Written by Jasey Roberts
In January, acclaimed short story writer and novelist George Saunders released a new nonfiction piece, “A Swim in a Pond in the Rain” – a book that is part-literary criticism, part-writing guide and, as with much of his work, part-manual for living a better life.
For decades, Saunders has been a professor of Creative Writing at Syracuse University’s M.F.A. program – the same program that has been taught by the likes of Mary Karr, Tobias Wolff and Raymond Carver. In “A Swim,” Saunders attempts to compress a semester’s course load of analysis into an incredibly detailed close reading of six 19th-century Russian short stories, written by Chekhov, Tolstoy, Gogol and Turgenev. These are writers that Saunders openly loves and stands by. “For a young writer, reading the Russian stories of this period is akin to a young composer studying Bach,” he states in the book’s introduction. The stories themselves range from brief to novella-length, from funny to depressing and from realistic to surprisingly experimental.
Early on, Saunders introduces concepts such as the “Ruthless Efficiency Principle,” or “REP.” “[N]othing exists in a story by chance or merely to serve some documentary function,” he states. “Every element should be a little poem, freighted with subtle meaning that is in connection with the story’s purpose.”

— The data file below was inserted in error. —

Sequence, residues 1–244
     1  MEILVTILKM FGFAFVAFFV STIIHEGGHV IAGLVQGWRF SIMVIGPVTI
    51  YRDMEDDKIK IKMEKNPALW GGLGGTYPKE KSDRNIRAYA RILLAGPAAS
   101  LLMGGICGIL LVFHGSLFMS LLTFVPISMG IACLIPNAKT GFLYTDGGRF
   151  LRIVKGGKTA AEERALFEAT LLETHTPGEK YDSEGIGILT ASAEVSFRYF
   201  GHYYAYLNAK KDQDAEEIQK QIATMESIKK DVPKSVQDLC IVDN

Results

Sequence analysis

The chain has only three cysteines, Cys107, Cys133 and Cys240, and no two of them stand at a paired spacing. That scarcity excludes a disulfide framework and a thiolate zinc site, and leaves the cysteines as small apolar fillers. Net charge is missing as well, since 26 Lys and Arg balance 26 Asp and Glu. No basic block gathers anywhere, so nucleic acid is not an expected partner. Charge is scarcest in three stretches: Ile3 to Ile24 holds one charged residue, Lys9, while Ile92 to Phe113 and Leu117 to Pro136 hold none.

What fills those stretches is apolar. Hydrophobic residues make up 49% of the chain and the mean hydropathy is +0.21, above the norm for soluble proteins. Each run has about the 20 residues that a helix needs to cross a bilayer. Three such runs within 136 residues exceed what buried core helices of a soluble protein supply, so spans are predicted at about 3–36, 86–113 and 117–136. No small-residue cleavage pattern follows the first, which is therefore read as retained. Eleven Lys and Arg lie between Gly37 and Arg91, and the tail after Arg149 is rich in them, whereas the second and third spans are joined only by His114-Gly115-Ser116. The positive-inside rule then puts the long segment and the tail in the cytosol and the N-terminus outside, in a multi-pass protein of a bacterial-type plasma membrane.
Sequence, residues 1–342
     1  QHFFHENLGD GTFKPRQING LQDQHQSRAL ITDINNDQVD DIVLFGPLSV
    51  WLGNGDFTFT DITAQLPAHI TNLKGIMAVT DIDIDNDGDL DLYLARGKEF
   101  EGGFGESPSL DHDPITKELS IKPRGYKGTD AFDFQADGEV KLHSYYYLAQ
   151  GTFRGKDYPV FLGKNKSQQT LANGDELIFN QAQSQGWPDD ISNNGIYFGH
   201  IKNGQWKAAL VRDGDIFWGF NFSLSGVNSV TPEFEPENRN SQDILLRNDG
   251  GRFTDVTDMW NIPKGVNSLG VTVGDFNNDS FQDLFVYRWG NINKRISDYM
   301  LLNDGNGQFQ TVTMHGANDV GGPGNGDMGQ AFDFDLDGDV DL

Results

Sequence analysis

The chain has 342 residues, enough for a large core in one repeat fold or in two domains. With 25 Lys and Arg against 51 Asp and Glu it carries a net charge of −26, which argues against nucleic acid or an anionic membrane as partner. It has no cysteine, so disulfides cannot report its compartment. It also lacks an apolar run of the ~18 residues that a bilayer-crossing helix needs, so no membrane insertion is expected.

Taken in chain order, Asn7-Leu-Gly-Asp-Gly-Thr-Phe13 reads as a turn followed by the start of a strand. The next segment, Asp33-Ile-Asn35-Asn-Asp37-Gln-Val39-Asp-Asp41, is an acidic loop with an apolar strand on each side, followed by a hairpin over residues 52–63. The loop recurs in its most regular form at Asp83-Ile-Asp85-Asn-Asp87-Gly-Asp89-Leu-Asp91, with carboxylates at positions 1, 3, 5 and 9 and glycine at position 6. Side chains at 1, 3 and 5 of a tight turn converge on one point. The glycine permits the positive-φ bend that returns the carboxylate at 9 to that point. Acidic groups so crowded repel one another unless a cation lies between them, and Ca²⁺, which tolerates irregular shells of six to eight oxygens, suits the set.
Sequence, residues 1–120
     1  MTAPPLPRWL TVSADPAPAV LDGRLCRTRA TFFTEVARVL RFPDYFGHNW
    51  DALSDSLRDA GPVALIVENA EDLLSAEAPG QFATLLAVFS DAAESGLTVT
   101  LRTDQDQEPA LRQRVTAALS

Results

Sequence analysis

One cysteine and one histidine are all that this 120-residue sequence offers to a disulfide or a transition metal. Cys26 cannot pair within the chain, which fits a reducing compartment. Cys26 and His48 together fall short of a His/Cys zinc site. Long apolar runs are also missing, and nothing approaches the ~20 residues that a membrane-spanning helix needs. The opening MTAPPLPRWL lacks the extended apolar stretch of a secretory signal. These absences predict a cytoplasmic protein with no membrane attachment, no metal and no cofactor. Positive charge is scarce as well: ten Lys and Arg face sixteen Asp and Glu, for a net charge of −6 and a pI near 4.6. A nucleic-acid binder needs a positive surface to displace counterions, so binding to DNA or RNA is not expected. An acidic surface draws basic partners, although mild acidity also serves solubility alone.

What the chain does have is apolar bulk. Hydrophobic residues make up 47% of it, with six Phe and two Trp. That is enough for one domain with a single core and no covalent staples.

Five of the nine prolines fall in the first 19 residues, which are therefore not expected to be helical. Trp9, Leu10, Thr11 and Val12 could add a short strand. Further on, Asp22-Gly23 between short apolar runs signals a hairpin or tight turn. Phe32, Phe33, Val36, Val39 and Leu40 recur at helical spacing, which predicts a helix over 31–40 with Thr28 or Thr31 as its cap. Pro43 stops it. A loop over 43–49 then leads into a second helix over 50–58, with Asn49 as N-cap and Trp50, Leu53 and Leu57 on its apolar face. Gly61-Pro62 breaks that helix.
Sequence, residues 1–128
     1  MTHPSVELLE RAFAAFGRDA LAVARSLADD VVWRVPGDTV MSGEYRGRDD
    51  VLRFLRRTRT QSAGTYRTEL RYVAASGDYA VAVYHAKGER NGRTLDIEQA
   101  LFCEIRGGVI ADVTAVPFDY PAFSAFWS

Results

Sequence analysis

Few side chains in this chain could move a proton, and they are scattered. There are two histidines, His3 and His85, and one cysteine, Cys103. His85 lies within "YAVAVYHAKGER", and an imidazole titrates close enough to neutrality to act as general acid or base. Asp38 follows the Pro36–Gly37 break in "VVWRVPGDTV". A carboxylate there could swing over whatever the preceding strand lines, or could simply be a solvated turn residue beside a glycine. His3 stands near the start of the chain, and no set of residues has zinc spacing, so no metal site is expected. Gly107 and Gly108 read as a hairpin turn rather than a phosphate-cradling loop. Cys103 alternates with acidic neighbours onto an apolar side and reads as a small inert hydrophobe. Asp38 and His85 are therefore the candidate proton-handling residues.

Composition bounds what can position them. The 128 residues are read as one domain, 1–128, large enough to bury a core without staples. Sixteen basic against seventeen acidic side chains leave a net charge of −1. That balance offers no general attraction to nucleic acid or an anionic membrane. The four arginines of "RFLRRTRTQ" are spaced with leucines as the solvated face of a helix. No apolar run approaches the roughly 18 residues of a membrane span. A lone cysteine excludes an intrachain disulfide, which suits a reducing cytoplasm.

Saunders then goes on to select stories like Turgenev’s “The Singers,” which is, at a glance, a story that is meandering and that very literally serves a “documentary function.” Saunders acknowledges this and instead of regarding it as an outlier to his previous rule, moves to dissect which parts of the story worked and which parts didn’t. He invites the reader to approach each of these stories with an open mind – to always take a diagnostic approach and to keep putting things in their “Things I Couldn’t Help Noticing” basket.
When speaking about Freytag’s Triangle (the plot diagram that goes: exposition, rising action, climax, falling action, resolution), Saunders writes, “It’s an after-the-fact construction that won’t necessarily help us write a story, but it can help us analyze one that’s already up and running or diagnose one that isn’t.” “A Swim,” in many ways, serves that very same purpose. Aside from the three writing exercises in the Appendix (which are as unconventional as they are useful), Saunders isn’t attempting to teach the reader how to write but is rather teaching them how to think about writing. It is a must-read for fans of his work, for fans of the short story and for people who think they might like to write them.